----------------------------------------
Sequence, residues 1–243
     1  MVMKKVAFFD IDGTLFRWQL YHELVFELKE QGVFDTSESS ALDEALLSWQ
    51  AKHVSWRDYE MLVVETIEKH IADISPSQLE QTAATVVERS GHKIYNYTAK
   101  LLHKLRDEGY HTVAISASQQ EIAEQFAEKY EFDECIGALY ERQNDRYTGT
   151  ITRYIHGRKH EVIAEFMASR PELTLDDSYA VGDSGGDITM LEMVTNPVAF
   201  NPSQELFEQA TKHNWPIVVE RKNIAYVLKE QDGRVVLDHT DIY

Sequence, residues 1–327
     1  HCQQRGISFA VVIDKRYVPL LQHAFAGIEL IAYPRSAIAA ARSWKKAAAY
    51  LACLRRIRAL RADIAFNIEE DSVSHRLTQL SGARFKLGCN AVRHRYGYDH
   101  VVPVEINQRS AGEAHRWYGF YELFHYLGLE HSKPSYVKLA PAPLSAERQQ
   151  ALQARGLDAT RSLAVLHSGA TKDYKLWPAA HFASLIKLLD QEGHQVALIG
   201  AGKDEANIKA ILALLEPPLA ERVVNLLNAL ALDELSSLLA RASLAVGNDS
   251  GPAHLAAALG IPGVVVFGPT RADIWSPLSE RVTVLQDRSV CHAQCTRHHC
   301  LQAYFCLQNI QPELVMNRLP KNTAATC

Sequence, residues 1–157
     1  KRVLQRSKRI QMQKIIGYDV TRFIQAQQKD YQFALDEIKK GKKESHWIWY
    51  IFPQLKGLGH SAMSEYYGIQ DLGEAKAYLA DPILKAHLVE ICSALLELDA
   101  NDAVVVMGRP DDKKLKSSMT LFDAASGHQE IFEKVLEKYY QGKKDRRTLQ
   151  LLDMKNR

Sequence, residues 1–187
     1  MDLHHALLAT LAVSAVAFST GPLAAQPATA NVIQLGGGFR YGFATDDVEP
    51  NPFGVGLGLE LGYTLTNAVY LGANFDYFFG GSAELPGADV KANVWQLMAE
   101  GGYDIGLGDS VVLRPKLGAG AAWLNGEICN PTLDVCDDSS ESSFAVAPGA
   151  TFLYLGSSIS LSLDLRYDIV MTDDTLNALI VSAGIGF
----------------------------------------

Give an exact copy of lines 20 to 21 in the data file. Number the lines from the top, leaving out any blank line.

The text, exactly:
Sequence, residues 1–187
     1  MDLHHALLAT LAVSAVAFST GPLAAQPATA NVIQLGGGFR YGFATDDVEP